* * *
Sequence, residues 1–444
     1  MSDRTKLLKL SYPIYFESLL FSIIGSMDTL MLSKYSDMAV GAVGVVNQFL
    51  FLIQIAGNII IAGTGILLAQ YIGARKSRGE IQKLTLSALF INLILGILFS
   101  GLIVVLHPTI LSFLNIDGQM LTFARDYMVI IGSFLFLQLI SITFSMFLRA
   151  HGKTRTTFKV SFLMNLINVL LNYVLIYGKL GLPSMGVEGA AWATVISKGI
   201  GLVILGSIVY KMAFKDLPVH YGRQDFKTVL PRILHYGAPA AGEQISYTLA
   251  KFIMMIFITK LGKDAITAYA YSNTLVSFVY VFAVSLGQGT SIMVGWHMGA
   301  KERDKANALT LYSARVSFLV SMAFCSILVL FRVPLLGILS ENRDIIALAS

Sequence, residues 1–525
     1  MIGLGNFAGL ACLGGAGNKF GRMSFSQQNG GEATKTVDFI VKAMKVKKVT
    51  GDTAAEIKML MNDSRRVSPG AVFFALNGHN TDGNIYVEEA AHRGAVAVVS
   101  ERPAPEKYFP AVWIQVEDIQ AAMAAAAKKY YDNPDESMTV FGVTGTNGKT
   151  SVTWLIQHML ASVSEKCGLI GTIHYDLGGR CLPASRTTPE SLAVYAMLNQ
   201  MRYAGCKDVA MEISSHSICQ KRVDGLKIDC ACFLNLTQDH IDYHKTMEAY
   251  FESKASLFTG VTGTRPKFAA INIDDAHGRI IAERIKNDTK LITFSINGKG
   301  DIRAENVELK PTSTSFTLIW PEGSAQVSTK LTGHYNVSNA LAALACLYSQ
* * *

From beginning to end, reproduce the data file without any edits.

Sequence, residues 1–444
     1  MSDRTKLLKL SYPIYFESLL FSIIGSMDTL MLSKYSDMAV GAVGVVNQFL
    51  FLIQIAGNII IAGTGILLAQ YIGARKSRGE IQKLTLSALF INLILGILFS
   101  GLIVVLHPTI LSFLNIDGQM LTFARDYMVI IGSFLFLQLI SITFSMFLRA
   151  HGKTRTTFKV SFLMNLINVL LNYVLIYGKL GLPSMGVEGA AWATVISKGI
   201  GLVILGSIVY KMAFKDLPVH YGRQDFKTVL PRILHYGAPA AGEQISYTLA
   251  KFIMMIFITK LGKDAITAYA YSNTLVSFVY VFAVSLGQGT SIMVGWHMGA
   301  KERDKANALT LYSARVSFLV SMAFCSILVL FRVPLLGILS ENRDIIALAS

Sequence, residues 1–525
     1  MIGLGNFAGL ACLGGAGNKF GRMSFSQQNG GEATKTVDFI VKAMKVKKVT
    51  GDTAAEIKML MNDSRRVSPG AVFFALNGHN TDGNIYVEEA AHRGAVAVVS
   101  ERPAPEKYFP AVWIQVEDIQ AAMAAAAKKY YDNPDESMTV FGVTGTNGKT
   151  SVTWLIQHML ASVSEKCGLI GTIHYDLGGR CLPASRTTPE SLAVYAMLNQ
   201  MRYAGCKDVA MEISSHSICQ KRVDGLKIDC ACFLNLTQDH IDYHKTMEAY
   251  FESKASLFTG VTGTRPKFAA INIDDAHGRI IAERIKNDTK LITFSINGKG
   301  DIRAENVELK PTSTSFTLIW PEGSAQVSTK LTGHYNVSNA LAALACLYSQ